Have you heard of The Interpreter of Ladies by Jhumpa Lahiri? It’s about a man who, following an incident with a spice grinder and a bolt of lightning, is able to read the minds of Ivy-educated Indian-American Bengali women…
The ever-dependable Guardian has come up with yet another enjoyably pointless nerd game: what the classics might sound like with misplaced letters. And so we have “Louisa May Alcott’s Little Omen, in which the idyllic Massachusetts childhood of Meg, Jo, Beth and Amy is suddenly ruptured when their mother gives birth to her first boy, young Damien March…” No anagrams, and no substitutions–you can only drop letters, not re-arrange them.
I’m contributing my mite to the cause by focusing solely on writers of Indian origin. Besides Lahiri, I have:
Five Pint Someone by Chetan Bhagat : Surviving competitive beer-drinking at IIT.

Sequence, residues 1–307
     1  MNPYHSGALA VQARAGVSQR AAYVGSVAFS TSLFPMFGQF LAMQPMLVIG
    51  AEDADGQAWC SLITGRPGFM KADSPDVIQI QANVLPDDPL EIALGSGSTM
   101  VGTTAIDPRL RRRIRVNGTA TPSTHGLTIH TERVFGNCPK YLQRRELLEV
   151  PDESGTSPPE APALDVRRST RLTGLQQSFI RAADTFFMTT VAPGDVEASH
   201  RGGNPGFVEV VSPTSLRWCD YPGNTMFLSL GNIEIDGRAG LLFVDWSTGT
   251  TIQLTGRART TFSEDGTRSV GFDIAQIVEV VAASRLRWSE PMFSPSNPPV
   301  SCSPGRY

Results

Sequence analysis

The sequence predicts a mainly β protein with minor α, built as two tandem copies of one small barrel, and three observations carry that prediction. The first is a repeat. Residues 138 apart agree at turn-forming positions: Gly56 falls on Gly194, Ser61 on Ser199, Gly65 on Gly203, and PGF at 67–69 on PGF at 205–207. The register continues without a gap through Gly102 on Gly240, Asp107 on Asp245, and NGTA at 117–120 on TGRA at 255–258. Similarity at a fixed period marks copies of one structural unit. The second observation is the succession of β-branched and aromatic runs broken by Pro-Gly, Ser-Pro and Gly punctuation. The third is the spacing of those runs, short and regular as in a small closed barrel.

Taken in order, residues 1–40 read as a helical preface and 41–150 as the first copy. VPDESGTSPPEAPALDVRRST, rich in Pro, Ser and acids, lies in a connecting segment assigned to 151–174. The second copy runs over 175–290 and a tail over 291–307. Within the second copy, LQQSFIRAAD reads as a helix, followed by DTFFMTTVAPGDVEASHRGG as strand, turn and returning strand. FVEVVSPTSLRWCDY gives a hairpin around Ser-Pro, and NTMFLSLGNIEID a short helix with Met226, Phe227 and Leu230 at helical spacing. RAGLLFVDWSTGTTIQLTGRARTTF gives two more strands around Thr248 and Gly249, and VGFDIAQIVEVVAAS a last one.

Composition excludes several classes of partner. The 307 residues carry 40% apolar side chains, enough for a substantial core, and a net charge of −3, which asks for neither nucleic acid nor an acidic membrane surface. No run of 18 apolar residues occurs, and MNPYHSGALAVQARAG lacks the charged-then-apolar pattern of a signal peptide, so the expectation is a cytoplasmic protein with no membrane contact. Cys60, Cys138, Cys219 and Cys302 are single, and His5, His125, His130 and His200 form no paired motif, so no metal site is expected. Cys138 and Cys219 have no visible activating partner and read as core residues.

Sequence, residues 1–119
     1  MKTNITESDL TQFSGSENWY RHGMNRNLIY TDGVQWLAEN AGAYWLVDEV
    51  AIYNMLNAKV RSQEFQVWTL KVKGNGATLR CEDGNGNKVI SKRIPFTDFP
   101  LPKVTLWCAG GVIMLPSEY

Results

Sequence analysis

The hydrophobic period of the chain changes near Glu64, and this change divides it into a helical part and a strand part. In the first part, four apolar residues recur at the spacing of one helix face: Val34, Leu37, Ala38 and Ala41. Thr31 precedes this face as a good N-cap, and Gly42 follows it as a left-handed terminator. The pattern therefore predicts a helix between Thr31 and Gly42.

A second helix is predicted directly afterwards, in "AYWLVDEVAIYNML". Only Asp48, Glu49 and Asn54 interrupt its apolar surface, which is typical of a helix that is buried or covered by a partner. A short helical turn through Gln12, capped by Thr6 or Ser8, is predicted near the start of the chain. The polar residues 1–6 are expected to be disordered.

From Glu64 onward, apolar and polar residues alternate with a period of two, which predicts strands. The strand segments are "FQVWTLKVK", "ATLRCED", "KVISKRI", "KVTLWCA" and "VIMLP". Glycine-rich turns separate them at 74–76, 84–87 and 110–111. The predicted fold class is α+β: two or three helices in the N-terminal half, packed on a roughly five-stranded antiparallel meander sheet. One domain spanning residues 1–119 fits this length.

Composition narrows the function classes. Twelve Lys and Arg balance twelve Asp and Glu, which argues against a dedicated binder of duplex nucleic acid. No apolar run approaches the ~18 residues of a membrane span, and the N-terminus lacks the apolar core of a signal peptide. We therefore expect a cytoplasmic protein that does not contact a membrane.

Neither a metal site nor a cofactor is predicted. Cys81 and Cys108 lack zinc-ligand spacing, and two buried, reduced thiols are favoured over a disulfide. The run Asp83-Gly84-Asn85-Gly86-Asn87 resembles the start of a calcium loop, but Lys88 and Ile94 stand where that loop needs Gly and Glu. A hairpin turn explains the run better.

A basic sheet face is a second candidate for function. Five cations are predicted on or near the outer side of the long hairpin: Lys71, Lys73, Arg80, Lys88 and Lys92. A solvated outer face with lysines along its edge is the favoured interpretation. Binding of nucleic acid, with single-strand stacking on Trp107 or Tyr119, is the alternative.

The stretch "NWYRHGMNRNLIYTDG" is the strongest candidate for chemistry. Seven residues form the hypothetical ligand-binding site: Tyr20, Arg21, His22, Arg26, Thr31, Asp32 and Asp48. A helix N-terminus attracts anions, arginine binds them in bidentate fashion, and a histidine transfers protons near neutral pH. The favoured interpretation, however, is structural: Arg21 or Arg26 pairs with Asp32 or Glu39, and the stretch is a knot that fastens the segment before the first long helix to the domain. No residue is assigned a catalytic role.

Same by Salman Rushdie: In which the author discusses his entire oeuvre.
The Eros Walk by Anita Rau Badami: A Bharatanatyam teacher in a small Indian town gives private lessons…
Beastly Ales by Vikram Seth: Author describes his tour of England’s pubs in iambic pentameter.
Sacred Gams by Vikram Chandra: Bollywood actress insures her legs for a million rupees; underworld gangsters want their “cut”.
The Mistress of Ices by Chitra Banerjee Divakaruni : A seller of exotic gelato discovers her inner Dairy Queen.
God I could go on and on… Do take a stab.